Violin Solo
Violin + ...
For beginners
Composers

Pauline Duchambge

All Compositions

Compositions for: Violin

Wikipedia
Pauline Duchambge née de Montet (1778 – 23 April 1858) was a French Creole pianist, singer, and composer.
Duchambge (Montet) was born in Martinique, the daughter of a noble family. She was taken to Paris, where she received a convent education and studied the piano from composer and author Jean-Baptiste Desormery, son of the famous comic opera actor and composer Léopold-Bastien Desormery. Pauline left the convent in 1792 and married Baron Duchambge in 1796. In 1798 at the age of 20, she lost both her parents and with them the family fortune. Soon afterwards she was divorced.
It was after these events that Duchambge's musical education began in earnest. She studied harmony and composition with Daniel Auber and Luigi Cherubini (who wrote several compositions for her) as well as piano and composition with Jan Ladislav Dussek.
In 1815, Duchambge met the French poet and novelist, Marceline Desbordes-Valmore beginning a lifelong friendship and collaboration. Their friendship is documented by a lengthy correspondence and a number of songs by Duchambge on Debordes-Valmore's texts including L'Adieu tout bas, La Fiancée del marin, Je pense à lui, La Jeune Châtelaine, Rêve du mousse, La Sincère, and La Valse et l'automne. Duchambge also composed music to texts and romances of other female authors such as Mme Amble Tastu and Mme Emile De Girardin. Pauline Duchambge wrote over three hundred romances, a very popular genre in the nineteenth century. Auber deposited three hundred of Duchambge's songs in the library of the Paris Conservatoire. Eleven of Duchambge's individual songs and albums of songs were published between 1827 and 1841 by some of the leading Parisian publishers including Meissonnier, Jacques-Joseph Frey, A. Petibon, and Pleyel. Her works reached a German audience through the Berlin publisher Maurice Schlesinger and the Schott firm in Mainz. In addition to songs, Duchambge wrote a few piano pieces.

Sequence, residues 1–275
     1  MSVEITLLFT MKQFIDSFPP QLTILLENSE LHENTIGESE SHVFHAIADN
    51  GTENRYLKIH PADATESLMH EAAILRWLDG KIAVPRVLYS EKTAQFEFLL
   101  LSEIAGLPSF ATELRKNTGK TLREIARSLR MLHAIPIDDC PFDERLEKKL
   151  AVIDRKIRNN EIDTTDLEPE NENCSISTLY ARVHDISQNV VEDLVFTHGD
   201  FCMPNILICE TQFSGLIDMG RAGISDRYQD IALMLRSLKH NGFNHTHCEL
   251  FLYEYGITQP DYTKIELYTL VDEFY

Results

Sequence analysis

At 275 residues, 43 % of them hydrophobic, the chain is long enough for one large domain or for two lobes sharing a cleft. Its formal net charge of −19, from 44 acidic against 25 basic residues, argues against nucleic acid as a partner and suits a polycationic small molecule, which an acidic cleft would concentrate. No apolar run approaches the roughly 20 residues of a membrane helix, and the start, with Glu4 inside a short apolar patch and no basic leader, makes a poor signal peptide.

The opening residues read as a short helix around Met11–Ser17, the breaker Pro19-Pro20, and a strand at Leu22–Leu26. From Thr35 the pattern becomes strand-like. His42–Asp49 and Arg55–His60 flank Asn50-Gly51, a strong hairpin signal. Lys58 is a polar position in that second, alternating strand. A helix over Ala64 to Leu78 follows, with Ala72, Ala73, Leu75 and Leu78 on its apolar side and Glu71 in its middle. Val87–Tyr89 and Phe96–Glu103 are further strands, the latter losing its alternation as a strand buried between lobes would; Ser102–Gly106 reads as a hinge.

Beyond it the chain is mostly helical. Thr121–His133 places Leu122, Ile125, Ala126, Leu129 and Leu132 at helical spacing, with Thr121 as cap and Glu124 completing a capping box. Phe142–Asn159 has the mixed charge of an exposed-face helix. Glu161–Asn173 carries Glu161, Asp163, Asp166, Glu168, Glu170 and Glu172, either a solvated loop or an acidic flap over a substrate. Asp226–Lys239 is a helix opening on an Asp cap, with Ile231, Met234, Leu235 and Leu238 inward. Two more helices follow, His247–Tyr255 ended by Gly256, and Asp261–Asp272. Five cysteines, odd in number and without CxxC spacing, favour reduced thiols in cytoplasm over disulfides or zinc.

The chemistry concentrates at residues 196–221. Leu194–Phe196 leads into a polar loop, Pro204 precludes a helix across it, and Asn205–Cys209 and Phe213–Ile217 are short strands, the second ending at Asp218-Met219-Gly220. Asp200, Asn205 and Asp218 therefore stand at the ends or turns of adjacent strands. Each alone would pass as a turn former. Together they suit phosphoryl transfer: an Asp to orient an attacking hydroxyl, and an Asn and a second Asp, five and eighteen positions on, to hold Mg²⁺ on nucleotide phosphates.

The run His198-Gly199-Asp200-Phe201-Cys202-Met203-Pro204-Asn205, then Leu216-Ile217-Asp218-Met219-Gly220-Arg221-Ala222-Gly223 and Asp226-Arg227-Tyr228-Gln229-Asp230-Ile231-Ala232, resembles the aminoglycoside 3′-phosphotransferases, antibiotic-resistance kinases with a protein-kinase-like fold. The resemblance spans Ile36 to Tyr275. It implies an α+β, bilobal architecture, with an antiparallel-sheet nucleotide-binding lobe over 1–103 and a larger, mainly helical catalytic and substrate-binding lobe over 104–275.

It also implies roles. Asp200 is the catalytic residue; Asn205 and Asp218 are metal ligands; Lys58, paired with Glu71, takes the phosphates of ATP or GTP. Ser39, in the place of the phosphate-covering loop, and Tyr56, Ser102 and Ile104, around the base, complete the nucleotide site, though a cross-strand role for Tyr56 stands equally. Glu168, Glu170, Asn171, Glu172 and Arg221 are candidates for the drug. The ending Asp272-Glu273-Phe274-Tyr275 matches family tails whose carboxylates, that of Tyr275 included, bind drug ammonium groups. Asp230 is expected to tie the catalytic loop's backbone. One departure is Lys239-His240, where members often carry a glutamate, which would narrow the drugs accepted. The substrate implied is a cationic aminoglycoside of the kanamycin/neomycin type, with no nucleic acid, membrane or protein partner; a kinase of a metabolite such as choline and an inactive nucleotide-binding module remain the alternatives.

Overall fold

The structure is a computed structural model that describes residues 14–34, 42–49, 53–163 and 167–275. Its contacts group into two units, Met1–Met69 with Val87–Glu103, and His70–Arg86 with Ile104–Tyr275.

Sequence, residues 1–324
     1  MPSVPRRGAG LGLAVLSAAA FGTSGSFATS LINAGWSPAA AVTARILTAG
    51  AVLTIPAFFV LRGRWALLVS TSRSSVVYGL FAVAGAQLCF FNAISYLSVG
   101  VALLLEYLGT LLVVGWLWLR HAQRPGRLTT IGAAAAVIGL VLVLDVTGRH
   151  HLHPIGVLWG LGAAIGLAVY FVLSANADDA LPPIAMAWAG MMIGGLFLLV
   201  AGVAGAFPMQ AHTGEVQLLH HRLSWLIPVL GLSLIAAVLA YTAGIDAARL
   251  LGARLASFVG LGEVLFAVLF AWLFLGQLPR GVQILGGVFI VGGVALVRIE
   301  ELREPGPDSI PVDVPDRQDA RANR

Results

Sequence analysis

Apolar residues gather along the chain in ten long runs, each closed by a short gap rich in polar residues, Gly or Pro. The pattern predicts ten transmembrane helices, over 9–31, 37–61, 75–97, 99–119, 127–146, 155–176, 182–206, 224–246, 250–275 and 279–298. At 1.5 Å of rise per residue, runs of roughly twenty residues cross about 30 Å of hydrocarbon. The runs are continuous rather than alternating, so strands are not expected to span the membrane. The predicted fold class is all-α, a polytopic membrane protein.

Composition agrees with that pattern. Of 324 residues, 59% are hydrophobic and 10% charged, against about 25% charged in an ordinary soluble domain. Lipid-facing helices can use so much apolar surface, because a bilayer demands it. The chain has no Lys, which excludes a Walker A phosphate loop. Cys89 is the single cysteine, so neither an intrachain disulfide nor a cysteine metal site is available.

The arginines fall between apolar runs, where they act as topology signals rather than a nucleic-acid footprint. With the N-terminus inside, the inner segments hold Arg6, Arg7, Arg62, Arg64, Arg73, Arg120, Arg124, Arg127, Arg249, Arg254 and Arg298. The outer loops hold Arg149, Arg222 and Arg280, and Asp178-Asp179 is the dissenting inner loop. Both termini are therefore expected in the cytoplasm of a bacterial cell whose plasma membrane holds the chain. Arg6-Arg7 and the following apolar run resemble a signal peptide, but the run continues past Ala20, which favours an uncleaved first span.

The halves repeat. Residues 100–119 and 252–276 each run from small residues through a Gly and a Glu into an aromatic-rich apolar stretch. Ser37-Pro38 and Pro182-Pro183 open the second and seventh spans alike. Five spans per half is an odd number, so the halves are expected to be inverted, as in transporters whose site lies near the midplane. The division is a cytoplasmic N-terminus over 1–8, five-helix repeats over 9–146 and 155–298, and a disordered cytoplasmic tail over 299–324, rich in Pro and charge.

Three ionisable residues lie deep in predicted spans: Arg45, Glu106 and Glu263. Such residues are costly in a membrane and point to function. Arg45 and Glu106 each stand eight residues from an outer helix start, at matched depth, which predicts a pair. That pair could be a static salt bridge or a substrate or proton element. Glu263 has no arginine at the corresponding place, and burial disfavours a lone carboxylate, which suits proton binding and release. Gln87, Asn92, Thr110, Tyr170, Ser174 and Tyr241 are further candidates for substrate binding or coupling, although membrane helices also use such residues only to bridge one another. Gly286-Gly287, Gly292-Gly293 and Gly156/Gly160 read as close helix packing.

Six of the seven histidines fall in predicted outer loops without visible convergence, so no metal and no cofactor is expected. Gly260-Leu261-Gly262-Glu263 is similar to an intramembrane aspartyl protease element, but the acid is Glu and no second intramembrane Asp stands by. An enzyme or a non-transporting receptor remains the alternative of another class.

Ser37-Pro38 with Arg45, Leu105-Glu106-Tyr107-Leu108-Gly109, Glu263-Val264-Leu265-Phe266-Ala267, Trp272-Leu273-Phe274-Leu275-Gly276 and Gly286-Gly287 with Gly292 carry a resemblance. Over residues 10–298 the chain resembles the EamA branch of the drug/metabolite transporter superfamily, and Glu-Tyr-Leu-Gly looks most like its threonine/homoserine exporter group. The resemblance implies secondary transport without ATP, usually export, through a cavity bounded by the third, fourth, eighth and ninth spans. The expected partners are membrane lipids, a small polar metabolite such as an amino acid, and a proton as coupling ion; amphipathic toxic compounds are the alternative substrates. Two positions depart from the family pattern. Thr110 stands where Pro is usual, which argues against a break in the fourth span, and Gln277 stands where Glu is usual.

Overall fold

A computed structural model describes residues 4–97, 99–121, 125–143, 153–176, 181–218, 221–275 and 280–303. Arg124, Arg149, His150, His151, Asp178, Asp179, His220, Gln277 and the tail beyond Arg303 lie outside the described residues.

Duchambge had a difficult life, struggling with poverty, delicate health, and the disenchantments of love; her music expresses her emotions. She commented: "Love, it is life! but a life full of troubles, illusions, deceptions, repentance, discouragements…. "
Some of Duchambge's songs have been published in the twentieth century in Les Greniers et la guitare de Marceline (1931) and in an anthology of songs (1988). Duchambge's romances were very popular during the first years of the Restoration. She was admired by many poets of her day, setting poems of the leading Romantics including François-René Chateaubriand and Victor Hugo, and dramatists Casimir Delavigne, Alfred de Vigny, and Eugène Scribe. She also set texts by women such as Mme. Amable Tastu and Mme. Émile de Girardin.
Duchambge chose texts that were often pastoral and expressed love sentiments typical of the early-nineteenth century. The music is strophic and usually without refrains. The simple diatonic melodies have a range of a ninth. Her melodies are often ornamented with grace notes and some accents, and there are a few dynamic markings. Duchambge was sensitive to the words and reflects different moods within a verse. According to Fétis, the lyric melodies are remarkable for "a sweet sensibility and elegance of form."
The harmony has an interesting variety of chords, containing modulations and secondary dominants. Duchambge uses major and minor modes in the same song to reflect changing moods. The piano accompaniments use ostinatos, arpeggios, and solid chords. The voice may begin in the first measure, or an introduction may set the mood of the song and establish the tonality. The final four measures of the accompaniment often serve as an interlude to the next verse as well as a coda to the final verse.